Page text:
How do I find the previous Monday's date, based off of the current date using Python? I thought maybe I could use: datetime.weekday() to do it, but I am getting stuck.

I basically want to find today's date and Mondays date to construct a date range query in django using: created__range=(start_date, end_date).

  • Coming Monday or past Monday? – Martin v. Löwis Oct 25 '09 at 21:00
  • I was looking for the past Monday – Joe Oct 25 '09 at 21:21
up vote 128 down vote accepted
>>> import datetime
>>> today =
>>> today + datetime.timedelta(days=-today.weekday(), weeks=1), 10, 26)

Some words of explanation:

Take todays date. Subtract the number of days which already passed this week (this gets you 'last' monday). Add one week.

Edit: The above is for 'next monday', but since you were looking for 'last monday' you could use

today - datetime.timedelta(days=today.weekday())
  • 4
    Python is awesome :) This is difficult and non-trivial in most other languages. – Gerald Kaszuba Apr 26 '12 at 5:39
  • Doesn't actually answer question which was for last monday not next monday – Martin Spamer Feb 9 '15 at 11:08
  • 2
    @GeraldKaszuba actually it's much easier and more readable in PHP: new DateTime("last monday") or strtotime("last monday"). – JustAC0der Jan 11 '17 at 9:13
  • @JustAC0der How would you get the last monday before an arbitrary date, as opposed to today? – BallpointBen Mar 20 at 14:33
  • 1
    @BallpointBen For example: strtotime("last monday", strtotime("2018-03-14")), but I don't want to get into a discussion about which language is better. All languages have their drawbacks and advantages. – JustAC0der Mar 21 at 11:19

ChristopheD's post is close to what you want. I don't have enough rep to make a comment :(

Instead of (which actually gives you the next upcoming monday):

>>> today + datetime.timedelta(days=-today.weekday(), weeks=1), 10, 26)

I would say:

>>> last_monday = today - datetime.timedelta(days=today.weekday())

If you want the previous week, add the 'weeks=1' parameter.

This makes the code more readable since you are subtracting a timedelta. This clears up any confusion caused by adding a timedelta that has negative and positive offsets.

  • 1
    +1 for your future comment privs! – physicsmichael Oct 26 '09 at 16:36
  • 4
    Whooohooo, I can comment now! Thanks. – Steven Graham Oct 26 '09 at 20:52

I think the easiest way is using python-dateutil like this:

from datetime import date
from dateutil.relativedelta import relativedelta, MO

today =
last_monday = today + relativedelta(weekday=MO(-1))
print last_monday

Note: The OP says in the comments, "I was looking for the past Monday". I take this to mean we are looking for the last Monday that occurred strictly before today.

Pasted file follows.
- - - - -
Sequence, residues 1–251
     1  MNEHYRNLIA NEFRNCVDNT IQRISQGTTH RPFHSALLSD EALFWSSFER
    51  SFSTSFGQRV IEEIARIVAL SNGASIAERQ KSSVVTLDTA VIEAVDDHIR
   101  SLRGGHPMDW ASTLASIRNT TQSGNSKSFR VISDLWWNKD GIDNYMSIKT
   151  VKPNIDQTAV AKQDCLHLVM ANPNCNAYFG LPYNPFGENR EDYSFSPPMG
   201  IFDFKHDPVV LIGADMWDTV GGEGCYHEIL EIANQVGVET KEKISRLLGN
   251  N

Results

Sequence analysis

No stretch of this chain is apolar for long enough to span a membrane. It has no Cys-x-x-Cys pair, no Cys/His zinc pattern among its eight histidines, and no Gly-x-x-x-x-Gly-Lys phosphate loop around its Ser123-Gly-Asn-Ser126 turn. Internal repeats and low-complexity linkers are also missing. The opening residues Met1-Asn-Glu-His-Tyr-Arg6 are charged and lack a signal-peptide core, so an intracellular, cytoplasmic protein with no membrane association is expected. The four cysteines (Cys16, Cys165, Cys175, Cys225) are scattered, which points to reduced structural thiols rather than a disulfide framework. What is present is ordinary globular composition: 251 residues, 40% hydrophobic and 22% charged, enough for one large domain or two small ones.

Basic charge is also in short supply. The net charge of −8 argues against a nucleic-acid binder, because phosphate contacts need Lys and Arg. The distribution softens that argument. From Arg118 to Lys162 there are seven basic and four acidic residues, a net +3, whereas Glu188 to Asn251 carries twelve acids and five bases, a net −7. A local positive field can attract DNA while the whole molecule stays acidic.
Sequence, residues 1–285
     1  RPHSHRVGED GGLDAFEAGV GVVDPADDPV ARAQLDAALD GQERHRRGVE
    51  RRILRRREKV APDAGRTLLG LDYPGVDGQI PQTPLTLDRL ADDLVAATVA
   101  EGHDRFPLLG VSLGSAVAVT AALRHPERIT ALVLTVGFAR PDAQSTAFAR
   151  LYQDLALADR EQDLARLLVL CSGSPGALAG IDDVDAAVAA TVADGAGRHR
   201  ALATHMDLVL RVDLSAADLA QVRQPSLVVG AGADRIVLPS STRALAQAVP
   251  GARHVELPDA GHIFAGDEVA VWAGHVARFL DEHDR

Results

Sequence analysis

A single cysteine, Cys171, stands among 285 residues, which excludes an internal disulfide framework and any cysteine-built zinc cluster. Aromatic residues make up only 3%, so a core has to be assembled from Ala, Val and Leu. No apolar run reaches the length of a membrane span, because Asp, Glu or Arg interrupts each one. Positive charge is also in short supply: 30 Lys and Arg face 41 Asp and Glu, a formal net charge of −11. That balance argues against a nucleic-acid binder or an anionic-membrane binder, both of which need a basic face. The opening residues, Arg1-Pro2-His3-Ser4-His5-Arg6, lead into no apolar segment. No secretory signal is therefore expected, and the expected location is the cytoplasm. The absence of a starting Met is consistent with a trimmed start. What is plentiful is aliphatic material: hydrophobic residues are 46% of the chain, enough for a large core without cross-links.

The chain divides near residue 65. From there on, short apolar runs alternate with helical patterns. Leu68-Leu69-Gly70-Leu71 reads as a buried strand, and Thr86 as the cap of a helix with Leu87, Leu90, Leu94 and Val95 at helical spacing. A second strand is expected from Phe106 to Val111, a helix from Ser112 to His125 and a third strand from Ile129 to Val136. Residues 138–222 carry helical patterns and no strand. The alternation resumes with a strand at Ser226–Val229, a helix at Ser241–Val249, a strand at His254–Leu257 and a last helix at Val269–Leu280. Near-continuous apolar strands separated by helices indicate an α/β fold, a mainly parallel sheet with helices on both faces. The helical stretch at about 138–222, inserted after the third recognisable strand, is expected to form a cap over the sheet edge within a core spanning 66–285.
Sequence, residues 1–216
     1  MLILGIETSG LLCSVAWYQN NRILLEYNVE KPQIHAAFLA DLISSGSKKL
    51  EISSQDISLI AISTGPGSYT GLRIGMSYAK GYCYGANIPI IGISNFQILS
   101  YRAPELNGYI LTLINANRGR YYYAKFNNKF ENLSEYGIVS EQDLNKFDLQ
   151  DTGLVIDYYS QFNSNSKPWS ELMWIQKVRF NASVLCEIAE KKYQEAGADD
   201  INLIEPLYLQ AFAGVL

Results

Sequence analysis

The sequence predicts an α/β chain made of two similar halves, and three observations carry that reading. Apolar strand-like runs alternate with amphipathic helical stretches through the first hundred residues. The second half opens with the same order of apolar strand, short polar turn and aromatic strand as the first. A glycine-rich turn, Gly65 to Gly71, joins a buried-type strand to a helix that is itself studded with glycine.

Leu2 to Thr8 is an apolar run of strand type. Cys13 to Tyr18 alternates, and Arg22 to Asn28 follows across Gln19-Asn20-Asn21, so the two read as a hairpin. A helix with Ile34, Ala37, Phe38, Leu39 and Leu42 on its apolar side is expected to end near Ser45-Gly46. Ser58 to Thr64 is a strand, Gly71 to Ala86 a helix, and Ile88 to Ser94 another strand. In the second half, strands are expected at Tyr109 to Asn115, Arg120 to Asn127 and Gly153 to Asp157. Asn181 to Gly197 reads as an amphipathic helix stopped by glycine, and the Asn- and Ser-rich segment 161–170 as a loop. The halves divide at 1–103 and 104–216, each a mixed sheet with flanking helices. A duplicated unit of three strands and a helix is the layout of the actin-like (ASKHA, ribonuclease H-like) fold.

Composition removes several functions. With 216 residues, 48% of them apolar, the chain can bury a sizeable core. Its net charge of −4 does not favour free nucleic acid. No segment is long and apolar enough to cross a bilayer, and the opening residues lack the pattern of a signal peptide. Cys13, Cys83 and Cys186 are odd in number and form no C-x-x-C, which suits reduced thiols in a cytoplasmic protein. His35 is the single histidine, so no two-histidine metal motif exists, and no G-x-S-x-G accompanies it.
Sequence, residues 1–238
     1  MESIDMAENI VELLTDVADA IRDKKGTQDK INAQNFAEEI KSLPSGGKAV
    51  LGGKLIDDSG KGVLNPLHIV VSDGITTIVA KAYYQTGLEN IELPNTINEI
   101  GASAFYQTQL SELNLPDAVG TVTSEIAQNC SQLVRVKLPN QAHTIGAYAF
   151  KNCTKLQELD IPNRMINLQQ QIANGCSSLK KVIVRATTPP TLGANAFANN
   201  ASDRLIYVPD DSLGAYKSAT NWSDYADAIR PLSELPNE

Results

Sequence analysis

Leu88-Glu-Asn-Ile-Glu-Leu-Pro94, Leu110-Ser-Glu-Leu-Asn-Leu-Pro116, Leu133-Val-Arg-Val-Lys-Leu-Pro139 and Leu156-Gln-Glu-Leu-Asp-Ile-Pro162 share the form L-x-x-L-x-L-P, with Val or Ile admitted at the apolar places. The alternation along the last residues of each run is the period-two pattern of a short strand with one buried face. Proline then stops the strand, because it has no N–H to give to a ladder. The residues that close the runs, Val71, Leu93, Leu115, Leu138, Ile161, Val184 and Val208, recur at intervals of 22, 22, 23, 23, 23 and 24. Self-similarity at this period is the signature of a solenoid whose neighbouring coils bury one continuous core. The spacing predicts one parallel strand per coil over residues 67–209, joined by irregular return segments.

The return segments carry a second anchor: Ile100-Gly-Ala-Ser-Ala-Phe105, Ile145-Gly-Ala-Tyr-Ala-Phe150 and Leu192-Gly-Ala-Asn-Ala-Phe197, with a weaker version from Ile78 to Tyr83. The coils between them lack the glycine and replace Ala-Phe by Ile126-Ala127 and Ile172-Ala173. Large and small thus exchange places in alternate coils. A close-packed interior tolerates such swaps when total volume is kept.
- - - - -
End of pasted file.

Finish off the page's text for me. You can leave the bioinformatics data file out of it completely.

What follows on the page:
The calculation is a little difficult to get right using only the datetime module (especially given the above interpretation of "past Monday" and if you wish to avoid clunky if-statements). For example, if today is a Monday such as 2013-12-23,

today - DT.timedelta(days=today.weekday())

returns 2013-12-23, which is the same day as today (not the past Monday).

The advantage of using the dateutil module is that you don't have to do tricky mental calculations nor force the reader to do the same to get the right date. dateutil does it all for you:

import dateutil.relativedelta as rdelta
import datetime as DT

today =, 12, 23)  # Monday

past_monday = today + rdelta.relativedelta(days=-1, weekday=rdelta.MO(-1))
# 2013-12-16

next_monday = today + rdelta.relativedelta(days=1, weekday=rdelta.MO(+1))
# 2013-12-30

Note that days=-1 is needed to guarantee that past_monday is a different day than today.

  • You are using the easy-tool the hard-way ;) – diegueus9 Dec 24 '13 at 14:42

You can use Natty. I tried parsedatetime and dateparser. Comparing these three, I think Natty is the best one.

To get your result, use like this:

>>> from natty import DateParser
>>> dp = DateParser('last monday')
>>> dp.result()
[datetime.datetime(2016, 8, 1, 17, 35, 5, tzinfo=tzlocal())] #Today is 9th of August 2016 5.35 PM

Github Link :

Try it, It can do more!

For future googlers who show up on this page looking for a way to get "the most recent Sunday", rather than "the most recent Monday", you need to do some additional math because datetime.weekday() treats Monday as the first day of the week:

today =
weekday = today.weekday() + 1
start_day = today - datetime.timedelta(days=weekday % 7)

If today is Tuesday, this sets start_day to last Sunday. If today is Sunday, this sets start_day to today. Take away the % 7 if you want "last Sunday" to be a week ago if it's currently Sunday.

Using timedeltas and datetime module:

import datetime
d =

gives you today's day of the week, counting 0 (monday) to 6 (sunday) + datetime.timedelta(days=(7-d)%7)

(7-d)%7 gives you days until Monday, or leaves you where you are if today is Monday

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